Press Gazette's top 50 comment writers

Print journalists dominate the list of the UK's top commentators.

This month's Press Gazette contains a list of the UK's top 50 comment journalists, rated by the public and a sample of comment journalists.

The top ten is as follows:

1. Matthew Parris, Times
2. Simon Jenkins, Evening Standard, Guardian
3. Jeremy Clarkson, Sunday Times, Sun
4. Quentin Letts, Daily Mail
5. Polly Toynbee, Guardian
6. Richard Littlejohn, Daily Mail
7. Charlie Brooker, Guardian
8. Rachel Sylvester, Times
9. Janice Turner, Times
10. Rod Liddle, Sunday Times

What really jumps out about this list is that they're all print journalists, even though both sets of respondents were allowed to name bloggers. In fact, 38.1 per cent of those surveyed (the biggest proportion) said that they preferred reading comment pieces in print.

This is reflected across the whole top 50 -- the only blogger who made it on to the list was Stephen Fry (at number 42), mainly from the public vote.

Jeremy Clarkson was also included by virtue of the popular vote. He was the public's favourite commentator, but received no votes from the panel of journalists. The controversial Clarkson is an increasingly influential media player, ranking 74 on the Guardian's list of top 100 media figures in 2007.

A survey last November by Continental Research suggested his Sun column was the one that consumers would be most willing to pay to read online.

The public's top two were Clarkson and Richard Littlejohn, showing that their taste diverges somewhat from the reasoned comment favoured by the panel of journalists (their top two were Simon Jenkins and Matthew Parris). Perhaps there are lessons to be learned there.

Finally, some shameless self-promotion. Two New Statesman columnists also made it on to on the list -- Steve Richards (31) and Peter Wilby (44).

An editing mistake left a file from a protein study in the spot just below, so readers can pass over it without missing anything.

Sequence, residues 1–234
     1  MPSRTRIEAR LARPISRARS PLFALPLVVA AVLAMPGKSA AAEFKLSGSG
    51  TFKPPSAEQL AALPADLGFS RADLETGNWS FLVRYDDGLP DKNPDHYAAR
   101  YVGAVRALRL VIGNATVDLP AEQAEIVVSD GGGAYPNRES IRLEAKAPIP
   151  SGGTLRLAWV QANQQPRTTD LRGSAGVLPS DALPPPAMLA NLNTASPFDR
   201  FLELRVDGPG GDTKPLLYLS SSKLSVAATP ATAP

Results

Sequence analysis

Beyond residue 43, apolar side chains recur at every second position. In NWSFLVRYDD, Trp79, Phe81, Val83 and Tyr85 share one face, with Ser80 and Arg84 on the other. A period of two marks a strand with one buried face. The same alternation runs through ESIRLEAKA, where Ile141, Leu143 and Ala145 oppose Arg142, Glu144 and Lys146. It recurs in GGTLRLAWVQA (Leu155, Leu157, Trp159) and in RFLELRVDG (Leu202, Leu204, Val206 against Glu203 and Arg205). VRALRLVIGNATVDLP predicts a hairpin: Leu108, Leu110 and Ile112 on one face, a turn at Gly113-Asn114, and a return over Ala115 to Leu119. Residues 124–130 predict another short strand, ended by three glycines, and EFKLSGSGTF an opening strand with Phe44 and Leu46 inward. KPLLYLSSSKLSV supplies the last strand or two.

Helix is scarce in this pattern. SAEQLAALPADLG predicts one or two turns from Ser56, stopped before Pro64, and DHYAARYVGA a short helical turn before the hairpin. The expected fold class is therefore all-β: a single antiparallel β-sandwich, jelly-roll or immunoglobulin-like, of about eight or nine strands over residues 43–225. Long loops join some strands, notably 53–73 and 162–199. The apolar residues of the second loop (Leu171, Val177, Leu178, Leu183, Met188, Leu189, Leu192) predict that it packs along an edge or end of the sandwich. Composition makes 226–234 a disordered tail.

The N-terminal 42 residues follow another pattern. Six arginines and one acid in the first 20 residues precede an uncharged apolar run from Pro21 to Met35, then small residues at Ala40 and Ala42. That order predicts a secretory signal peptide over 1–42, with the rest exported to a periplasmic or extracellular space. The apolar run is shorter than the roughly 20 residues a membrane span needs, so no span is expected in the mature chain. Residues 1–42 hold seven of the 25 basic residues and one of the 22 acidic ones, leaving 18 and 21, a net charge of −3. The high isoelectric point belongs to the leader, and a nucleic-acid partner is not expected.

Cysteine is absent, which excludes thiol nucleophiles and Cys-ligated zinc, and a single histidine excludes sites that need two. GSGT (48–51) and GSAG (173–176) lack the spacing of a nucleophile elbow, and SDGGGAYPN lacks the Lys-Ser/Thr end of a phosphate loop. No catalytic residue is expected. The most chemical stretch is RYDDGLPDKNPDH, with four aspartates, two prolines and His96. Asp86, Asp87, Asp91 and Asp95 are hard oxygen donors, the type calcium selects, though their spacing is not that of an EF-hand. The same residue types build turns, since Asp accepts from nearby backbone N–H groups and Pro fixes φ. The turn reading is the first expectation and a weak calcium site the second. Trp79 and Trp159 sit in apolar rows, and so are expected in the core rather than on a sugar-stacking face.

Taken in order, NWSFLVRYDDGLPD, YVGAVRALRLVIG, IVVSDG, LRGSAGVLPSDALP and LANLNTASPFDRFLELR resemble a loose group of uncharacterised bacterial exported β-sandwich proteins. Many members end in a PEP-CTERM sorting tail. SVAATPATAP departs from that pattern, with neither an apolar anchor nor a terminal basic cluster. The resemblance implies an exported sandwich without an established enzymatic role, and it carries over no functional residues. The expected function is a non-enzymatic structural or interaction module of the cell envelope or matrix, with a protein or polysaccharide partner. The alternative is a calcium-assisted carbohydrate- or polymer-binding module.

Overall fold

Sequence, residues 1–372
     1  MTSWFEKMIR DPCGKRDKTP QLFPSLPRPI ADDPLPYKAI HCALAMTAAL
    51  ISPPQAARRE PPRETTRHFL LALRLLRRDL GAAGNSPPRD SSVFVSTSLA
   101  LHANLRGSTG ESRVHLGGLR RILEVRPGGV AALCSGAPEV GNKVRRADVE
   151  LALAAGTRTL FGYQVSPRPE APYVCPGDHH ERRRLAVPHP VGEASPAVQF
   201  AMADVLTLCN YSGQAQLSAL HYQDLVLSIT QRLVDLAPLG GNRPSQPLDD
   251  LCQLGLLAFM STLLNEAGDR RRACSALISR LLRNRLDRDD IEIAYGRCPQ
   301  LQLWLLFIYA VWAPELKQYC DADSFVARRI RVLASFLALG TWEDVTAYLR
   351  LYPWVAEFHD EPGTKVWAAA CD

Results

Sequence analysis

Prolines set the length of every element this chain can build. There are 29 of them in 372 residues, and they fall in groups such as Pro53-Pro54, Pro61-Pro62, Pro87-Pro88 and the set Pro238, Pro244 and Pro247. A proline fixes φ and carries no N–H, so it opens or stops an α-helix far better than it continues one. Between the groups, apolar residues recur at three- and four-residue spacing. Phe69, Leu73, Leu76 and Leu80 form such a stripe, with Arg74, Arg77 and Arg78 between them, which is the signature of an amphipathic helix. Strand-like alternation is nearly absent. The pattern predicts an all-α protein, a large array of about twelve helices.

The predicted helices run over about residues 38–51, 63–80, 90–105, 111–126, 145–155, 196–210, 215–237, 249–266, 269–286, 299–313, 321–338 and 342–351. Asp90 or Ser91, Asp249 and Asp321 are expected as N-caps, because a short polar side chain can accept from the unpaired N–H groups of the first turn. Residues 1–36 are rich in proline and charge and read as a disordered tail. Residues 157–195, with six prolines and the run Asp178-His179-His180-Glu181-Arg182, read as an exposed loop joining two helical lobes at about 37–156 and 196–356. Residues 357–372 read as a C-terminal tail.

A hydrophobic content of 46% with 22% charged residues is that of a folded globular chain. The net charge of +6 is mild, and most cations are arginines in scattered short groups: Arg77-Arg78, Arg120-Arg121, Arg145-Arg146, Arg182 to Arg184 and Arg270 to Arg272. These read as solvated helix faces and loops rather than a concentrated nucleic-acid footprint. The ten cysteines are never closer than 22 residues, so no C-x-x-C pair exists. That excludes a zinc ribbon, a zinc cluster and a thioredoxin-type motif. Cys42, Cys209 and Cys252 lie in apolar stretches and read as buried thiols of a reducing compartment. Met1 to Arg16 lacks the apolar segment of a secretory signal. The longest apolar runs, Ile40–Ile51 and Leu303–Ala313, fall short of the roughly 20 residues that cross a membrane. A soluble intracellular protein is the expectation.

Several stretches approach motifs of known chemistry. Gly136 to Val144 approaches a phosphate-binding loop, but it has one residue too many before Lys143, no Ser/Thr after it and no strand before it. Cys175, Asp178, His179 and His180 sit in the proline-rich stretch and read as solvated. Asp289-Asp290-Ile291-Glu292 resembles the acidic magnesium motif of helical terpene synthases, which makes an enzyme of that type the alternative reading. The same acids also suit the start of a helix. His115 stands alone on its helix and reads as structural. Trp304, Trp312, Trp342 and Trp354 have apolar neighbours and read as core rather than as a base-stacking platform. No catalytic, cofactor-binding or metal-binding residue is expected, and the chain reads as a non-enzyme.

Press Gazette is owned by Progressive Media, which also owns the New Statesman.

Follow the New Statesman team on Twitter

Samira Shackle is a freelance journalist, who tweets @samirashackle. She was formerly a staff writer for the New Statesman.

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Tory Brexiter Daniel Hannan: Leave campaign never promised "radical decline" in immigration

The voters might not agree...

BBC Newsnight on Twitter

It was the Leave campaign's pledge to reduce EU immigration that won it the referendum. But Daniel Hannan struck a rather different tone on last night's Newsnight. "It means free movement of labour," the Conservative MEP said of the post-Brexit model he envisaged. An exasperated Evan Davis replied: “I’m sorry we’ve just been through three months of agony on the issue of immigration. The public have been led to believe that what they have voted for is an end to free movement." 

Hannan protested that EU migrants would lose "legal entitlements to live in other countries, to vote in other countries and to claim welfare and to have the same university tuition". But Davis wasn't backing down. "Why didn't you say this in the campaign? Why didn't you say in the campaign that you were wanting a scheme where we have free movement of labour? Come on, that's completely at odds with what the public think they have just voted for." 

Hannan concluded: "We never said there was going to be some radical decline ... we want a measure of control". Your Mole suspects many voters assumed otherwise. If immigration is barely changed, Hannan and others will soon be burned by the very fires they stoked. 

I'm a mole, innit.